Tuesday, 15 August 2017

"I scored for Milan!" The Primo Levi short story that foresaw Virtual Reality

Virtual reality headsets are nothing new, at least not in the human imagination. Back in the 1960s, Auschwitz survivor Primo Levi - one of the 20th century's most important writers - published 'Retirement Package,' a short story that foresaw the use of a helmet connected to a machine called a Total Recorder (or Torec). This allowed humans to live inside any pre-recorded event and experience the sensation of, say, scoring a goal for AC Milan.

"Yay! I scored for AC Milan!"
The narrator is being shown the Torec and its tapes by a friend, Simpson, who has just received the machine as a 'retirement gift' from his company, NATCA, where he's been a long-serving salesman. The Torec is not yet on the market and Simpson is just the company's willing guinea pig, but using his sales skills he persuades the sceptical narrator, who is not a football fan, to put on the helmet and place himself in the shoes of a Milan player called Rasmussen.

The narrator complies and describes "an intense odour of overturned earth. I was sweating and my ankle hurt slightly." He also feels "nimble and ready, like a loaded spring". Running with the ball, he passes to a team-mate on his right and, amid "the rising roar of the
crowd", receives a return pass and scores "with precision, effortlessly" past the advancing goalkeeper.

"I felt a wave of joy course through my veins, and a little later the bitter after-taste of adrenalin in my mouth," the narrator goes on, admitting to Simpson that it was thrilling to feel his body "so young and compliant, a sensation I lost decades ago". And scoring the goal was great too because "you don't think about anything else, you are totally focused on one point, like a bullet". At the same time, under the brief identity of the player, he was distracted for a second by the thought of a date later that night with "a tall brunette named Claudia".

Even me scoring against Real
in the European Cup final?
This re-created fantasy world is, for most fans, the material of our nocturnal dreams. Down the years I've scored hundreds of important goals in my sleep. The most recent was a long distance shot to secure the European Cup for Nottingham Forest against Real Madrid in a 3-1 victory some time during the 1980s. After scoring, I leapt into the arms of the late Brian Clough. Almost every football fan is prey to similar flights of ethereal glory.

Dreams, though, are random, fleeting and deftly extinguished by the anti-climax of waking up and not being a hero after all. With virtual reality you can choose when to switch in and out. And although technology has not yet advanced to the state where - as in Levi's story - you can smell the grass and feel several decades younger, you'd be rash to bet against the future by ruling it out.

Which begs the question: if we could just put on a headset and experience what it's like to be Lionel Messi, as many times a day as we wanted, how would we resist? Who would not want to know what it's like to dribble past five players and score the winner for Barcelona against Real at the Camp Nou? And how many children might give up playing sport, or aspiring to become the next Messi, because they can already boast the full experience without even leaving the house?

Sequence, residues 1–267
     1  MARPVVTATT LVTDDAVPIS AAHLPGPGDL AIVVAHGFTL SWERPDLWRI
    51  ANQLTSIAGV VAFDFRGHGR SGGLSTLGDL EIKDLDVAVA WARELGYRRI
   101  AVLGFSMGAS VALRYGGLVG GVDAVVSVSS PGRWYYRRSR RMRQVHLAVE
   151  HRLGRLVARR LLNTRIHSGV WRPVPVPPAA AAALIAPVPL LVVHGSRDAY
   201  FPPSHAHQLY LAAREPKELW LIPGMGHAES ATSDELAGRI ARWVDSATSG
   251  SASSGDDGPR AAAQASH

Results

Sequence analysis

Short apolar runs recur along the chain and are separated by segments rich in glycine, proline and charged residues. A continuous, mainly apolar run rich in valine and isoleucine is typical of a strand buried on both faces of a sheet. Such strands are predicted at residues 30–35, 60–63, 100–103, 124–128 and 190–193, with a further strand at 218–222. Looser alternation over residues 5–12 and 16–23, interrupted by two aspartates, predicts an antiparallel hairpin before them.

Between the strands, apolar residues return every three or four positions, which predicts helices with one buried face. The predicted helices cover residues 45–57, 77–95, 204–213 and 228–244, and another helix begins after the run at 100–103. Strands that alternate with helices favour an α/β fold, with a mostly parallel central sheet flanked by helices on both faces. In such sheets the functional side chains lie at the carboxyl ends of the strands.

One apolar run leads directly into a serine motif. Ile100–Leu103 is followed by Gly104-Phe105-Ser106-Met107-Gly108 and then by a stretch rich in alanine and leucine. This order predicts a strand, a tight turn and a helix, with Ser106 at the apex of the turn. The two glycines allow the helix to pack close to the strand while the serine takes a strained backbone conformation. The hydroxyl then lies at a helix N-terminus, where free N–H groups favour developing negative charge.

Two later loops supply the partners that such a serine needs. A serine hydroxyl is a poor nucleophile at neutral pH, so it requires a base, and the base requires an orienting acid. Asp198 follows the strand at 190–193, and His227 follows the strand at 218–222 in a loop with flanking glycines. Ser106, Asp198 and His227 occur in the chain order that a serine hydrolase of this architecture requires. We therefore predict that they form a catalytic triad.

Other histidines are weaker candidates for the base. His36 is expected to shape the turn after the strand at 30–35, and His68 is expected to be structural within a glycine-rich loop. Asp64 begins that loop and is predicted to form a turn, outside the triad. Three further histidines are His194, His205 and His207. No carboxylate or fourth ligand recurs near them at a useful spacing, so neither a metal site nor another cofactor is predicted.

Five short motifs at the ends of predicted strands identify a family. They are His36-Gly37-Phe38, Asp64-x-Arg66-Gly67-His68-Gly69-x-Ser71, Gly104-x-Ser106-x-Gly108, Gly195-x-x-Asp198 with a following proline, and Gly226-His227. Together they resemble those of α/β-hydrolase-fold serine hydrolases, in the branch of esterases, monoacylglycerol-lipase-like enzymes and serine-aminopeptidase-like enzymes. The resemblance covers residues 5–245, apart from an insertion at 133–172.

Visionary author and Auschwitz
 survivor Primo Levi
The Torec tapes in Levi's story go far beyond just scoring a goal. The narrator gets to experience a bar fight, and being an eagle with super-powerful eyesight that swoops to kill a hare. There are sex tapes with Italian fashion models. His friend Simpson is elated at all the possibilities, but in the long run it doesn't end well. "He sacrificed everything: the bees, his job, his sleep, wife, books." When he's no longer experiencing virtual reality "he is oppressed by a boredom as vast as the sea and as weighty as the world, so all he can do is play another one." His use increases from two hours a day to five, then to 10 and more. "In six months he has aged 20 years."

The story is as prescient as EM Forster's 'The Machine Stops', which managed to predict the internet in 1909. Even before succumbing to the helmet, Levi's narrator tells his friend that the device will "discourage all initiative, in fact, all human activity; it will be the last big step following mass entertainment and mass communication". He describes how his son is drawn to their new television "like a moth to a flame".

That seems slightly alarmist, and steeped in a one-sided and negative view of cultural evolution - televisions did not zombify the human race. On the other hand, there are some indications of a new generation facing communication difficulties when separated from their hand-held devices, and of crippling, trans-generational dependencies on addictive computer games. I can no longer walk or cycle down the street without having to shout "Look up!" to endless people heading right towards me while staring down at their phones.

Still, I've never forgotten Levi's story since I first read it 25 years ago. Because I'd really, really love to put on a headset and feel and smell the sensation of scoring a magnificent goal in a packed stadium. Just once, I promise.

The Quiet Fan was published by Unbound in autumn 2018 and is available here.

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